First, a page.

Shared custody has always been hard for children, and it is hard for the parents as well. The child must live in one house and then the other for equal periods of time. This is why most negative effects of shared custody are borne by the couple's child.
Where is the Child's Real Home?
A child under shared custody must shuffle back and forth from the mother's house to the father's house. Children who have these kinds of setups have trouble identifying their real home. They do not have that sense of feeling at home because they keep on transferring from one home to another. Many times, children have difficulty adjusting since they lose the feeling of having a stable home. Instead, they refer to their parents' houses as 'Mom's House' or 'Dad's House' but never 'my home.' They always travel, and they do not have the chance to fully settle in a place of their own.
Shared custody removes the consistency in a child's life. What can be allowed in one house may not be allowed in the other house. Bedtimes may be different, as well as general house rules. There is no consistency, and the child has to adjust over and over again. This is especially difficult for parents, as well, because the child starts to compare and contrast his or her parents. Instead of having a peaceful and relaxed relationship together, there might be a lot of inconsistencies in the way the parents bring up their children, which could encourage children to manipulate the parents.
This simply means double expenses for the whole family. Two houses mean that everything has to be doubled. Children under shared custody usually have their own places in two houses, as well as clothing, furniture, toiletries and many others. It results in more expenses and a need to duplicate everything. Studies show that only 50% of kids who experience shared custody go to college, mainly due to financial problems.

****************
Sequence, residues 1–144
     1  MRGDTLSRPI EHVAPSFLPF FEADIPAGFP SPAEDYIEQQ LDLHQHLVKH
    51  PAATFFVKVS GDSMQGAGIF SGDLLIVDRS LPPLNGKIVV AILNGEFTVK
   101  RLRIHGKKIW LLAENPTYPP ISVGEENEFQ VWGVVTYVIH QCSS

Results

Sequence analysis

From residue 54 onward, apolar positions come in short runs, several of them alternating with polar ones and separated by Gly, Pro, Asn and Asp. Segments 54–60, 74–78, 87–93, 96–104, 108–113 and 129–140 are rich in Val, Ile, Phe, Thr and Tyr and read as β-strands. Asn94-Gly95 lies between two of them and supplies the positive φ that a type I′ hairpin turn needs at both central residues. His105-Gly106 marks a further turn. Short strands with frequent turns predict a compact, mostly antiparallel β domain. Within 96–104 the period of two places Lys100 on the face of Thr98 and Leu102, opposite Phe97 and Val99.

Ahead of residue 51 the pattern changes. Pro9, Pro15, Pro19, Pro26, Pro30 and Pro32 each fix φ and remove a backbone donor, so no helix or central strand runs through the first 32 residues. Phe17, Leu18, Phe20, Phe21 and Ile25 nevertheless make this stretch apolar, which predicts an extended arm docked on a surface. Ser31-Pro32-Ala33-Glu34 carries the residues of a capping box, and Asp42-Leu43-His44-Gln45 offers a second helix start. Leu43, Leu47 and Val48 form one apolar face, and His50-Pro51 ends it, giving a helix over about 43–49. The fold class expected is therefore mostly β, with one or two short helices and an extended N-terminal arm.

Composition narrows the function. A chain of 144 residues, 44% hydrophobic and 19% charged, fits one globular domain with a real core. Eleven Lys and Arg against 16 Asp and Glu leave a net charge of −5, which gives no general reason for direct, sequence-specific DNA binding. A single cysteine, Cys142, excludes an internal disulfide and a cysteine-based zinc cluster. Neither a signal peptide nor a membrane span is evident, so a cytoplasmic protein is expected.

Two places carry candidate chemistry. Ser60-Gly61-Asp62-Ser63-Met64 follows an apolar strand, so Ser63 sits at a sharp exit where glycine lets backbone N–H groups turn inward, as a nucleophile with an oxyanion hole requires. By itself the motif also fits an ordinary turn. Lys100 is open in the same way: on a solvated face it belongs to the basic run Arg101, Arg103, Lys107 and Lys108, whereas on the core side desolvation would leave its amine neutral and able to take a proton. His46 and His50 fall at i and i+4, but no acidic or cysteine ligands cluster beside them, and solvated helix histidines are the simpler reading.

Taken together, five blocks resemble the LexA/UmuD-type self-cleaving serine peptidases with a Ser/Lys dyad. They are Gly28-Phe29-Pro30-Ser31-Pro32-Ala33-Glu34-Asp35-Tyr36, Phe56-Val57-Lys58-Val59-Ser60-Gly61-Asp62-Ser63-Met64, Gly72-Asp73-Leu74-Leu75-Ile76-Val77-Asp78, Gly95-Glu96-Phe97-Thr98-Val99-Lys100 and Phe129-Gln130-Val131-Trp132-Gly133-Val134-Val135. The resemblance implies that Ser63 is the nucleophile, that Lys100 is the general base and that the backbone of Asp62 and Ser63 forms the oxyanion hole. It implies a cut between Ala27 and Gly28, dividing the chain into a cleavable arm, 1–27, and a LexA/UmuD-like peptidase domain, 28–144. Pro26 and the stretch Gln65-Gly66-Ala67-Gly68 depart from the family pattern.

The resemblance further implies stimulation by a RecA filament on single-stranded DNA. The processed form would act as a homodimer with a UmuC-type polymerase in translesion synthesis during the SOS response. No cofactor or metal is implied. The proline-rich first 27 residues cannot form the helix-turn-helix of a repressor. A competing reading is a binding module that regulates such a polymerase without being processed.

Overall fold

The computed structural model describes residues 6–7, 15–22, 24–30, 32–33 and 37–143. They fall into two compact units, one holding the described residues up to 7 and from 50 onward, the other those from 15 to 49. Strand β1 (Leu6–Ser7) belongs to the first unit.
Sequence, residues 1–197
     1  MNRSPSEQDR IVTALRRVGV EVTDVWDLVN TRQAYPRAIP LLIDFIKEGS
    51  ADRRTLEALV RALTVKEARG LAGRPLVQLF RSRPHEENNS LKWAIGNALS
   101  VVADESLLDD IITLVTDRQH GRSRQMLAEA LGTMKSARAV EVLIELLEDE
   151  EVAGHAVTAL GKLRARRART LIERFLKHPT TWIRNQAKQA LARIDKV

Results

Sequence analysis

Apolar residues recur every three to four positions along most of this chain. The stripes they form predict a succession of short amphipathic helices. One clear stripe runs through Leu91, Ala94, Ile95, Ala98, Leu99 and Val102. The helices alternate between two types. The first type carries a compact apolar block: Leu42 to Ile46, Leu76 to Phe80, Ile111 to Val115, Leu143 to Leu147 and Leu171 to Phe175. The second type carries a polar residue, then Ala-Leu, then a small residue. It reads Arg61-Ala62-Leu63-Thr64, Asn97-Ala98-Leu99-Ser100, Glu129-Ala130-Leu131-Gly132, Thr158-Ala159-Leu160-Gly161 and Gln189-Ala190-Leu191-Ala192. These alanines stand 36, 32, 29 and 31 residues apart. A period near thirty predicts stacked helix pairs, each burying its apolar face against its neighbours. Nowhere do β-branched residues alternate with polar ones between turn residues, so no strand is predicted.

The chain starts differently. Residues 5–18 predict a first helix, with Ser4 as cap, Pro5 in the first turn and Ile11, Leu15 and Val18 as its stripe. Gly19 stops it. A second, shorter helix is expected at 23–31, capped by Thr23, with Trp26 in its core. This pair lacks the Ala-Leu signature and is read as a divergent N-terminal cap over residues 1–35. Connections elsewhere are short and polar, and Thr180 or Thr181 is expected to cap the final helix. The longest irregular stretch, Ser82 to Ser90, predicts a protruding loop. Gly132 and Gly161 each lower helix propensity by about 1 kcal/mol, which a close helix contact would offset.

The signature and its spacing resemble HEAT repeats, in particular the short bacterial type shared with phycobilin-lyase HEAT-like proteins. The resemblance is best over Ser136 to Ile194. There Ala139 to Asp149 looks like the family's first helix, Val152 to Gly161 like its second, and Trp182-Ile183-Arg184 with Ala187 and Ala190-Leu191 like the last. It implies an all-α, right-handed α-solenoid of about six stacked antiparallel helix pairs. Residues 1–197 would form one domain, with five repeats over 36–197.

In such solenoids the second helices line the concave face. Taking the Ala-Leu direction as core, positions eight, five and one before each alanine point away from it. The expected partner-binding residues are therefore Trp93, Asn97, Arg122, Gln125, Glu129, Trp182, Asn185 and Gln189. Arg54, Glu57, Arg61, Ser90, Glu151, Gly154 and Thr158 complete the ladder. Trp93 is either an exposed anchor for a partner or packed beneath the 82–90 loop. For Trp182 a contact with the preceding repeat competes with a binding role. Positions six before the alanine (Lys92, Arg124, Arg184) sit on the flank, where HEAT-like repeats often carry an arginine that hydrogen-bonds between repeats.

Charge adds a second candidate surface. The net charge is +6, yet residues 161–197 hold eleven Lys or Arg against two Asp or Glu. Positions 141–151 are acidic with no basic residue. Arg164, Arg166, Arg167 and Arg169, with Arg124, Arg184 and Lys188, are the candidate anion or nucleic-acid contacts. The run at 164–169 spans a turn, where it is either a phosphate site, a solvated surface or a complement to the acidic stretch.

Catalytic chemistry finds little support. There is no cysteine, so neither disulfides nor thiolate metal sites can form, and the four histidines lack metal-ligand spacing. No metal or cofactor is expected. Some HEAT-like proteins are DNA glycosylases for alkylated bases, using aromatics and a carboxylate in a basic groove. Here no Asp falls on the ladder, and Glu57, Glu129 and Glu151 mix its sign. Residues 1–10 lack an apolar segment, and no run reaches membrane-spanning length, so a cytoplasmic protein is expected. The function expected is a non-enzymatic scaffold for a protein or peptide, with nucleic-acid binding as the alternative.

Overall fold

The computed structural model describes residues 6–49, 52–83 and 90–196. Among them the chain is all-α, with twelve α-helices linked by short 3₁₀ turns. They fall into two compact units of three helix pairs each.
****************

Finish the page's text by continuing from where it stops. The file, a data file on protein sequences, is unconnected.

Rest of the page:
Children Feel Isolated
It is not a surprise that some children form stronger attachments to one parent than the other. Shared custody encourages this. The child tends to have a favorite parent, and would do anything to be with that parent. He or she then begins to resent going to the other, therefore making a clear gap between the parent and the child. Moreover, there are some times that parents do not keep up with their own children, and may end up blaming each other because something wasn't done since somebody thought that the other one already did it. The middle of the conflict is always the child, who may have the full impact of the whole setup.
The best way to handle shared custody is to have open lines of communication between parents. They will need to agree on the rules, punishments, chores, and routines used to raise their children. This will provide the consistency that is typically lacking in joint custody situations. It is extremely important that both parents use the same parenting style. Psychologists recommend that both parents use an authoritative style (where consequences are known to the child prior to rules being broken) rather than an authoritarian style (where parents are reactive and angry). This will help prevent children from "pitting" one parent against the other. It is in the best interest of the child that the parents do not "join forces" with the child against the other parent. If one parent is problematic, it is better to address the custody issue with the courts.